This measure of our object of faith finds its power in the fact of the gospel. Christ became a servant in that Gospel so now, as a new humanity with new life, we can be proper God honoring servants. On behalf of God’s truth, Christ become a servant to those of the circumcision to authenticate and make real all of the promises given to the Jewish forefathers so therefore a Gentile believer can be a servant to those of the circumcision on behalf of God’s truth as well. Here’s how.
For God’s truth says “I will give praise to you among the Gentiles” and “Praise the Lord all you Gentiles” and “one arises from the root of Jesse who will rule over the Gentiles and the Gentiles shall hope in Him”. Therefore a Gentile believer who evidences these truths before the Jewish believers (who are prone to have strong convictions on eating and days) and before any believers (who may have convictions in different matters) then they are practically evidencing, authenticating and sounding out God’s truth summed up in the Gospel Entire.
I don’t know many Gentiles how are making Jews jealous now a day and yet Paul stated in Romans 9-11 that the Gentiles being saved was a thrust at provoking jealousy in the Jew. But how do we do that if we flaunt our freedom and never, ever, become a servant to the circumcision or the uncircumcision alike?
Christians should seriously get an appreciation for the Torah, devouring the books of Moses, the Prophets and the Writings. Christians should have no problem joining Jews for the Sabbath or celebrating the Passover festival: for in doing so with Jews the Gentiles are fulfilling the words of the Prophets and evidencing to the Jews that Yeshua (Jesus) is the Moshiach (Messiah)!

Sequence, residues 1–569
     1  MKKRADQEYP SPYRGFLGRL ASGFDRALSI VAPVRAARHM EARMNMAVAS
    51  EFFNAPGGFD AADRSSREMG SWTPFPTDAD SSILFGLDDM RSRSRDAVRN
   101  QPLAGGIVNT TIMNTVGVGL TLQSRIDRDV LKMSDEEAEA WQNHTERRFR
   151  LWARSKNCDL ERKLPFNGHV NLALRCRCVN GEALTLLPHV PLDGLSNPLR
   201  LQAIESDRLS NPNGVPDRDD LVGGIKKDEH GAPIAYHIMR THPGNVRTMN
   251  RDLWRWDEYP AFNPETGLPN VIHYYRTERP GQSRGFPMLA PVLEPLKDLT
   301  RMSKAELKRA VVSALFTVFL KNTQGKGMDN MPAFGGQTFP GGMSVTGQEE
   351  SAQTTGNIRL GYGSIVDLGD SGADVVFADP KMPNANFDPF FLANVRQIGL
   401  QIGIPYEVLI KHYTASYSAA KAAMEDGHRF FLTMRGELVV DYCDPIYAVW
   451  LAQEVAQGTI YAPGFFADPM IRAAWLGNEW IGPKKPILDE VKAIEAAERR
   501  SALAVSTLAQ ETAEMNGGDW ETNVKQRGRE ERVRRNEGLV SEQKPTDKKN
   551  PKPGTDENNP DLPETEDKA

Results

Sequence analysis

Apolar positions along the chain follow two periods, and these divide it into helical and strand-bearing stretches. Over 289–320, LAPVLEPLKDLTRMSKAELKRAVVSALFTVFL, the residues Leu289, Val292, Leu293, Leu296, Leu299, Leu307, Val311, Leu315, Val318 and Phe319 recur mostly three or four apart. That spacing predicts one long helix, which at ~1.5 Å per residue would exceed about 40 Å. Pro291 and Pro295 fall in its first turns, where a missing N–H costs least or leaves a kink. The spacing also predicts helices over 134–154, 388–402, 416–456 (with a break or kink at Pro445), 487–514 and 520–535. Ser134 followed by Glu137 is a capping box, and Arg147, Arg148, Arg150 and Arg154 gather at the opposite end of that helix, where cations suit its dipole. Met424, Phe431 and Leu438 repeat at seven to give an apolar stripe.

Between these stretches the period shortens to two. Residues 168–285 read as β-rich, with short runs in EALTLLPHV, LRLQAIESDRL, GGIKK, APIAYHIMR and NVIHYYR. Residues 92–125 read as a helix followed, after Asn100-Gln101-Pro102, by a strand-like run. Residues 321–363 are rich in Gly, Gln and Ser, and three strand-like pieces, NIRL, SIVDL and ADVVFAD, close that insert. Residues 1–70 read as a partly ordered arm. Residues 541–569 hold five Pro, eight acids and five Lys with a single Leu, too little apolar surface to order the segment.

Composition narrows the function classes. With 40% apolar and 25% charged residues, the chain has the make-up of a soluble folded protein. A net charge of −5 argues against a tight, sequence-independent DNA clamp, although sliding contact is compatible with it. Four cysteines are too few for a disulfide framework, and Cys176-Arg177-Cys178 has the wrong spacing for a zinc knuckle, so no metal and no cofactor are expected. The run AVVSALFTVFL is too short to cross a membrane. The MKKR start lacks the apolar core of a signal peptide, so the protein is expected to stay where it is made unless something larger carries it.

Does this mean that Gentile believers who habitually observe the Day or the Feasts is during wrong? Of course not: he or she is convinced and convicted on that position and as long as they don’t see that as a means to get higher favor from God or to ensure sanctification (or justification or glorification) then they are free to do it. I dare say some Christians have taken Sunday as the day where one must go to Church and the feasts of Easter and Christmas as hands down holy days: you can do no better than observing feasts from the actual Scriptures!
But even so, not observing them is fine if we’re not doing it with a proud idea that in our freedom we’re doing better than others and really honoring God. That preposterous thinking helps no one but ourselves and that is not to be the outworking of the Gospel in the New Humanity.
Lastly, I purposefully side-stepped Paul’s words in Corinthians I just wanted to focus on the point here in Romans but to those in Corinth (who were minded in self-wisdom and divisions) Paul would say that yes we have freedom in many things but that doesn’t mean that everything is perfectly beneficial. So it is true that a believer has the freedom to read books but that doesn’t mean that reading all books is particularly helpful. In some cases its just a waste of time. And a believer may be free to drink all wines but in some cases it’s a worthless extravagance being used merely for the purpose of advertising that a person can drink wine: it has no true benefit. But that benefit bit is the part useful for the personal edification of the believer as he or she is useful to the body of saints while Paul’s point in Romans is freedom to edify others in light of the Gospel.